Moving a manual HBM
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  1. #1
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    Default Moving a manual HBM

    I was curious if anyone here has shipped a manual horizontal boring mill without removing the table. Our company just bought a 4" Shibaura BT10b with a rotary table in Pennsylvania and we need it shipped to Jacksonville Florida. The rigging company and a few other sources have said the table is usually removed and the head is blocked up with cribbing/dunnage before shipping the unit. I was told this would help keep the table from getting slammed around and possibly damaged during shipping. I don't understand why the head wouldn't be removed as well, and why the table couldn't be locked and strapped around the bottom of the machine to limit any movement. I was also told the table is usually removed to avoid any issues with permit loads. After doing a little research the permits with this particular unit wouldn't be a problem at all. My problem with disassembling the unit before shipping is having someone else put it back together not knowing exactly how it was taken apart. The person putting it back together would most likely be me. While I'm confident I could do it, I'm not so confident I could do it correctly in a reasonable time frame. Right now I want to take a chance shipping it assembled. Does anyone have any opinions/input on possible solutions for a move of this type? Is there something I'm overlooking here?

  2. #2
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    I didn't find any conclusive specs by googling the model number. I didn't know Shibaura made machine tools. I thought they just made diesel engines.

    When I bought my 4" Kuraki w/rotary table it was hooked to power, but the air was not on so the rapids would only work in one direction (air clutches run the rapids). I hand cranked the table to the far end (about stroked out doing that part!). I found a 2" by 3' foot steel bar in the plant and locked the counterweight in the column through the locking hole. I blocked under the head with wood, pulled all the way covers off and called that good.

    I jacked the machine up 6" and set it on cribbing and a rigger charged me $500 to load it with their versalift. With the covers off it was about 9' wide, 10' tall and 20' long. 42,000 lbs total.

    I don't understand why you would take the table off. It's not a divisible load. with way covers off it shouldn't be a mile wide. Is it too heavy for a 3 axle trailer?

  3. #3
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    Shibaura BT-1B 4" Table Type Horizontal Boring Mill - YouTube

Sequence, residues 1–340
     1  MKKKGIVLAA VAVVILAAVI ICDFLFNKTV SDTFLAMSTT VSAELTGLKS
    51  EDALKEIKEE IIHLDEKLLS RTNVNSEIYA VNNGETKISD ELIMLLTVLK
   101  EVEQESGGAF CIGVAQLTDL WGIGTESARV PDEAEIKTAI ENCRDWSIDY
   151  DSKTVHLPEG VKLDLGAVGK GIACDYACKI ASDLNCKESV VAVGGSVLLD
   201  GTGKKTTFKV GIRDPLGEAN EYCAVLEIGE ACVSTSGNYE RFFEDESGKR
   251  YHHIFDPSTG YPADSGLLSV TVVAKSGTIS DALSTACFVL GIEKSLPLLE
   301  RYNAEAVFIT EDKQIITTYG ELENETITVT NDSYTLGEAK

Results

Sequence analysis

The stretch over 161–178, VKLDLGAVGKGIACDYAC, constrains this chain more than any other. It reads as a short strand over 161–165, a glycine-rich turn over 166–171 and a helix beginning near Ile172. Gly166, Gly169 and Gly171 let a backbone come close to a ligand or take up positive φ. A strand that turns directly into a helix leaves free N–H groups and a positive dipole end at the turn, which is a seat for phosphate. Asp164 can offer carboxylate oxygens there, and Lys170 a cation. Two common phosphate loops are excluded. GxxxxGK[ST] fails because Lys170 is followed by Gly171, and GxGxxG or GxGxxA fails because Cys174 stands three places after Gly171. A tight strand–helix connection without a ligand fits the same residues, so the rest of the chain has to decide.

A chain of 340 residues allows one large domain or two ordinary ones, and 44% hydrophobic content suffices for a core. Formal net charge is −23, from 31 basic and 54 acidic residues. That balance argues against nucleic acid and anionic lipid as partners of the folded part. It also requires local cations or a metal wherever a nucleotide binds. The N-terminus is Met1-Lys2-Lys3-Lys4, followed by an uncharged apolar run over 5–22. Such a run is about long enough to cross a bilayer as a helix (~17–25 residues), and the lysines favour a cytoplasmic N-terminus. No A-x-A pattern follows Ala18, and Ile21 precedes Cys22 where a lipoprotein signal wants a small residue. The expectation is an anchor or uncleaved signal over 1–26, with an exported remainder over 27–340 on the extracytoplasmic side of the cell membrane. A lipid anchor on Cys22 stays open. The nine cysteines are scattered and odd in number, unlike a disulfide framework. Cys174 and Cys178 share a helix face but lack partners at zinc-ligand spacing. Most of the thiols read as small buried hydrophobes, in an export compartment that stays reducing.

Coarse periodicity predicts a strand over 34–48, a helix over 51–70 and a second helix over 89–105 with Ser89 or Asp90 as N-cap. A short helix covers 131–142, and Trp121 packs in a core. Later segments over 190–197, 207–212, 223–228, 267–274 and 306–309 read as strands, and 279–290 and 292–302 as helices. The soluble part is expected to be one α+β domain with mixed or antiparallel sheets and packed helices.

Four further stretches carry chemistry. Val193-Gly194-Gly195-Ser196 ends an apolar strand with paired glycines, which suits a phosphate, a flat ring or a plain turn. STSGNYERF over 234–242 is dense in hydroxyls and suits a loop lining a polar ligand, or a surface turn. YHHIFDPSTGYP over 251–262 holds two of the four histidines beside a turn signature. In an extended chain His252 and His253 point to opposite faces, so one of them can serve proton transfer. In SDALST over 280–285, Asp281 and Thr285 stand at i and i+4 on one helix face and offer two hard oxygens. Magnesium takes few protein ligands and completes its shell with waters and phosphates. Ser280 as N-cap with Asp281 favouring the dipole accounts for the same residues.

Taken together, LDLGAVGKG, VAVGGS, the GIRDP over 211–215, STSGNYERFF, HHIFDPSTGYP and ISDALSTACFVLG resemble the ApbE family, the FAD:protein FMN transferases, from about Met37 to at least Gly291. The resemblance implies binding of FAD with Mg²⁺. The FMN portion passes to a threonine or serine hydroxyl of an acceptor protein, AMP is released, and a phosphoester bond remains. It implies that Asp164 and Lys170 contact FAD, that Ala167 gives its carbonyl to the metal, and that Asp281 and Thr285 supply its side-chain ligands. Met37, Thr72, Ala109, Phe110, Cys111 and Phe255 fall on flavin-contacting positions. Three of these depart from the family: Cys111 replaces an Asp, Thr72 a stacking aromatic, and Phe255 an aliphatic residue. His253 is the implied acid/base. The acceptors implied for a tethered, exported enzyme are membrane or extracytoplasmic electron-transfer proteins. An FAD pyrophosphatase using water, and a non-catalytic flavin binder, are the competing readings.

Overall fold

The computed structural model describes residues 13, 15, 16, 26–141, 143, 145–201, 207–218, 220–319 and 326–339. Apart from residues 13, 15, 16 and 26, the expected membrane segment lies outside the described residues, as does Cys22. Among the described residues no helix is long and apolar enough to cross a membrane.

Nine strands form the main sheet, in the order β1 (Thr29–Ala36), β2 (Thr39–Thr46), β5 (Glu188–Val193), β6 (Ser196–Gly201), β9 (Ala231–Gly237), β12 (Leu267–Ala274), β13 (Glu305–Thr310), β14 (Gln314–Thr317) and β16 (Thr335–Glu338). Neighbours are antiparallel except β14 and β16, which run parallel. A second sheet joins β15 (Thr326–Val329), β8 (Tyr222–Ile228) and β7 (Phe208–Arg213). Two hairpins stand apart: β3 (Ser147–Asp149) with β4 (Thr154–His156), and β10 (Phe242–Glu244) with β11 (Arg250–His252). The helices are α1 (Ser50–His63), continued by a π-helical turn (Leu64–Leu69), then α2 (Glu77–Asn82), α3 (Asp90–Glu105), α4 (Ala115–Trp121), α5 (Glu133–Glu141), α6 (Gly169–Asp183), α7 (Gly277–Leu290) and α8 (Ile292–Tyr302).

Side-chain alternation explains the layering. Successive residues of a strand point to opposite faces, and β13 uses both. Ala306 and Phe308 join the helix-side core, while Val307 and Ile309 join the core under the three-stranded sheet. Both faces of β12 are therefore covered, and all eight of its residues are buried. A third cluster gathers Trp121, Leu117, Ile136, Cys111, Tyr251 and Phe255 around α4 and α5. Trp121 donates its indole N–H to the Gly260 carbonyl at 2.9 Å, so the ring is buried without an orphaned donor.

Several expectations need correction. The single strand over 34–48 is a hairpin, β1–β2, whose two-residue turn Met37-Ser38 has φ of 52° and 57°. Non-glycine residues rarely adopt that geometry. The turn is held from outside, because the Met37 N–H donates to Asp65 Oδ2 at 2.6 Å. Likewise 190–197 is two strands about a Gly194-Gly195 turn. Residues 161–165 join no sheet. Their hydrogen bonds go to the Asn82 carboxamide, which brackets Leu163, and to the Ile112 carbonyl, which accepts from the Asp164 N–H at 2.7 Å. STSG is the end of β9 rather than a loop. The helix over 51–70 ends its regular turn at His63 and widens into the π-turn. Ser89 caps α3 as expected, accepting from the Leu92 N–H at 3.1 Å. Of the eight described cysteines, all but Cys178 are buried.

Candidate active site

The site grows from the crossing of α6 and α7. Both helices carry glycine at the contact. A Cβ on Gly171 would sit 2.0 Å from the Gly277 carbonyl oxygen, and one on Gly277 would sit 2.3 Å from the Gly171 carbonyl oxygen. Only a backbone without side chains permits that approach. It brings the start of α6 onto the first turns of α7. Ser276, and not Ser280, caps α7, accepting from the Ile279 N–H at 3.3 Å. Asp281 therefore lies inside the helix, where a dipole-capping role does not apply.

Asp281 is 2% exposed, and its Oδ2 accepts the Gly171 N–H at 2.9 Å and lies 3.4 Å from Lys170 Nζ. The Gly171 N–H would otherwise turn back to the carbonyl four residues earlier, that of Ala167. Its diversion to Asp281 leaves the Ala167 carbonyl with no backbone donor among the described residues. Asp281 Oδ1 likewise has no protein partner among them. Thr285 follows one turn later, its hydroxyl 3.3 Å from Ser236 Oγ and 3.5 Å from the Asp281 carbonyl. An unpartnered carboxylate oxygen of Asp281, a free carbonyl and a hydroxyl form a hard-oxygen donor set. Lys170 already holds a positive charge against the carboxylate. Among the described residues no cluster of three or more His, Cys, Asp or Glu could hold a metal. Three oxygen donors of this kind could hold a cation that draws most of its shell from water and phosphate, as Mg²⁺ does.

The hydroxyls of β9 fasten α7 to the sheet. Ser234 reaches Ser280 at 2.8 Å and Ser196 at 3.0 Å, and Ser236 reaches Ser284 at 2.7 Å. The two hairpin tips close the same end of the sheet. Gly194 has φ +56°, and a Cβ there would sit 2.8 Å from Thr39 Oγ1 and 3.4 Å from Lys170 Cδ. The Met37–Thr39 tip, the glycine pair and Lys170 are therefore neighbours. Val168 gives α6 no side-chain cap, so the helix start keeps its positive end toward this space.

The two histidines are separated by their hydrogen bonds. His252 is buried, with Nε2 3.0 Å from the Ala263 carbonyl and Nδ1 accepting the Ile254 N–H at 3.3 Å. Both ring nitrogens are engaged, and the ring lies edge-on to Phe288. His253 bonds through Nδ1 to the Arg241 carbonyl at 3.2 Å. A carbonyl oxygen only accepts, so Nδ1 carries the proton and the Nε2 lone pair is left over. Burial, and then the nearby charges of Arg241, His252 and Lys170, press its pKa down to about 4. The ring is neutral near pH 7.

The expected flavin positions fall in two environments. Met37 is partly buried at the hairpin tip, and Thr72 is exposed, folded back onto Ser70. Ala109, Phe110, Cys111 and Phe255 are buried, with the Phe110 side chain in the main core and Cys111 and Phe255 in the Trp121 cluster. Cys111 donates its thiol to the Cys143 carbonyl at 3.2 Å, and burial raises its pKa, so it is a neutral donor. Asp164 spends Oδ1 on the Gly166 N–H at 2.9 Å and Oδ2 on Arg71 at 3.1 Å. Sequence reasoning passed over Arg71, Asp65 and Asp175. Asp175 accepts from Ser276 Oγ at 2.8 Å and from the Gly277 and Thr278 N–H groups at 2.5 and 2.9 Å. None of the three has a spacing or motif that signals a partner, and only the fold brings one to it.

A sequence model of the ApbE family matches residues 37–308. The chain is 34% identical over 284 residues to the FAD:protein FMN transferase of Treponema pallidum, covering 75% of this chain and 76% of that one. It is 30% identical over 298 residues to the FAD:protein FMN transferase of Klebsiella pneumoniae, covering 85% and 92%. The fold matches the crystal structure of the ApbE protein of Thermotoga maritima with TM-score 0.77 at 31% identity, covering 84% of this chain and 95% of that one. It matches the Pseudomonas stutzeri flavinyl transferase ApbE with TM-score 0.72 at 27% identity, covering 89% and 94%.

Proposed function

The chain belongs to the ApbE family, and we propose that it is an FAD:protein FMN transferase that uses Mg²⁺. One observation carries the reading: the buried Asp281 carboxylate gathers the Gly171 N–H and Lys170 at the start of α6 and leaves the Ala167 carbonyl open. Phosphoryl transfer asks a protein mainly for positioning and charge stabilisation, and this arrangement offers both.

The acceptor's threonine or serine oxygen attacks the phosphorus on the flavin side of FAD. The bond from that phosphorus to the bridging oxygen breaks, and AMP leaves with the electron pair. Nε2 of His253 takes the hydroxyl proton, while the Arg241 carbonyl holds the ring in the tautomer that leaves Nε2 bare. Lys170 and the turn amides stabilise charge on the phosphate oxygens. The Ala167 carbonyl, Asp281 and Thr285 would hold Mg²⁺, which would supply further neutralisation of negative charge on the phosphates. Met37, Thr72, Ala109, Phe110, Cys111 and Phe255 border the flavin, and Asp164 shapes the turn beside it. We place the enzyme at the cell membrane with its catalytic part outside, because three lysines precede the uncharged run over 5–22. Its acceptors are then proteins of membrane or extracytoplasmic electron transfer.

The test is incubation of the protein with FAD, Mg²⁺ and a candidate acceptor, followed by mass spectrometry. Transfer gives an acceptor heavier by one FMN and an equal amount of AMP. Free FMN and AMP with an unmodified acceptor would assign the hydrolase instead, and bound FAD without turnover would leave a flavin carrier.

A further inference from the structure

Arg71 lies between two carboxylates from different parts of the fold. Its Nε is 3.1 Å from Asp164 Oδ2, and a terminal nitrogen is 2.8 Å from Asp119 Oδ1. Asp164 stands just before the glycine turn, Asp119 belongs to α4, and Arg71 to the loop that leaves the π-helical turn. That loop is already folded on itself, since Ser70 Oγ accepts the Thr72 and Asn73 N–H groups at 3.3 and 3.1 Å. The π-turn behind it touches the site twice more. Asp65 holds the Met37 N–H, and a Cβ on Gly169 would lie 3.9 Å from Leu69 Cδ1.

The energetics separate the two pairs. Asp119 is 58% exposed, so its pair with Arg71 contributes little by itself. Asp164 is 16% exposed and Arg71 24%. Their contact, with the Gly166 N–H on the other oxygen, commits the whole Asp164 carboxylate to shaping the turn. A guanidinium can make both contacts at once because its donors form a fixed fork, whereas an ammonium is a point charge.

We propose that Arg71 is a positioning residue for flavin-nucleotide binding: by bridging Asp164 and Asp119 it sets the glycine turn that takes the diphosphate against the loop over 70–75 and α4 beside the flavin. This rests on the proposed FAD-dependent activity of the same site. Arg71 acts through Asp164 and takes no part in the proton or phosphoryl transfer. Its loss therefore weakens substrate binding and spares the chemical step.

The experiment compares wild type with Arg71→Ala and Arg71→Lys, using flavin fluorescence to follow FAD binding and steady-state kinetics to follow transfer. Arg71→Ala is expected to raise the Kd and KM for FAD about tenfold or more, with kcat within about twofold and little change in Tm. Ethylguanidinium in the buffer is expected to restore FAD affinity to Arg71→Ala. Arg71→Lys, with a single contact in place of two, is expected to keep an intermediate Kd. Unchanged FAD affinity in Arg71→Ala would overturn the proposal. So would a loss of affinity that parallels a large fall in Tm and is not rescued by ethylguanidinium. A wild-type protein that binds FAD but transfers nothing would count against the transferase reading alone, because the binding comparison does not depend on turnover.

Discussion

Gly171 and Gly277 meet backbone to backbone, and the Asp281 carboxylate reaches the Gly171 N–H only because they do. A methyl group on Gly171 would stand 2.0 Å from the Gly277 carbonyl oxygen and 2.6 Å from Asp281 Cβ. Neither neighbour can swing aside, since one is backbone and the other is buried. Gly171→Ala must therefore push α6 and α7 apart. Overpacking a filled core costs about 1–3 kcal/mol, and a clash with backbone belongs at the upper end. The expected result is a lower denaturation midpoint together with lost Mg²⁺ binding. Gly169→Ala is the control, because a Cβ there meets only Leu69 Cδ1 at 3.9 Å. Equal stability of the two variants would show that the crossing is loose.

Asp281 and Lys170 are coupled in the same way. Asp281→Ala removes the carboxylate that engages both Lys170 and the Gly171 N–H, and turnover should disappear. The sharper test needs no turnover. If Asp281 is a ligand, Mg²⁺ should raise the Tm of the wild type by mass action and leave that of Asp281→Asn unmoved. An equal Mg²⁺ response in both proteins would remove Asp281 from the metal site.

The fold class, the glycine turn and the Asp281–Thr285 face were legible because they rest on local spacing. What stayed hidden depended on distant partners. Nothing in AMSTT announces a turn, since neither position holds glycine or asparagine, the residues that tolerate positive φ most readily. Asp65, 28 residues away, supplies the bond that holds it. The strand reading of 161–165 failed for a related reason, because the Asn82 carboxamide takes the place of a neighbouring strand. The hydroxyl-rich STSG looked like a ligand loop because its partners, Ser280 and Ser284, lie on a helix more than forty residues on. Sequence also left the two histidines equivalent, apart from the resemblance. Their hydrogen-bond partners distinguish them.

Nearly the same as mine-

    Kuraki KBT-13w Horizontal Boring Mill with DRO - YouTube

    Pull way covers and you'll have no problem shipping it.

  4. #4
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    Shibaura DID make machine tools until the Toshiba name replaced it. We also just acquired a TX-13 VTL which I'm real excited about. This HBM weighs in around 40k lbs. Our plan was to remove the way covers to get width down under 9' 6" or whatever the law stated. I think the permits were required due to the height. I just wanted to make sure this was possible. Thanks for the quick reply.

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    I'm thinking the weight is the problem, not the height.

    You allowed 13'6" and a standard lowboy is about 21" when loaded.


    Where in Pa is this coming from ?

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    Allison, PA... Not too far from Pittsburgh.

  7. #7
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    If your Shibaura doesn't have one I got an extra quill support/spindle extension with my Kuraki. I'd just like the $350 I got stuck paying for it back.

  8. #8
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    If the head has a counter weight chain attached to the head then inside the column is is some counter weights. The you Tube shows show 2 holes on outside of column. Toshiba Shibaura Model BT 1BR1 4in Table Type Horizontal Boring Mill 1977 - YouTube this on has it and it's says 4" and if you look at top right side of head you can see a chain.

    Anyway if it does then slide in some 2" or size of holes Cold roll steel bars through the holes in the column and weights. Usually you feed the head down and like the other guy said crib under the head to take the weight off the vertical screw and nut by hand after the weights are supported.

    I would check with a LTL or Rigging company in that state to see if there are restrictions on weight and width of machine on the roads. Better to move it in the winter and not the spring. If it's to big you can buy special permits. Most of the time they take the tables off because they stick out to wide. I have seen where riggers load machines diagonal on the trailer. I would think you will have to get a Low Boy Trailer.

    Also if it has Oil in the machine, you should drain it. If it leaks on the hwy. you will get fined. Tie up the control and read-outs. Be sure to tell trucker you want machine tarped or hauled on a Conestoga trailer. Be sure they do not run chains over the metal way surfaces. Many times the base has holes in it for chains to tie it down. You might be money ahead to be there when they load it and be sure all the electrical prints and manuals go with it. Many companies also have maintenance reports for it to. They are handy if you do any repairs . Good luck
    Last edited by Richard King; 01-15-2018 at 08:00 AM.


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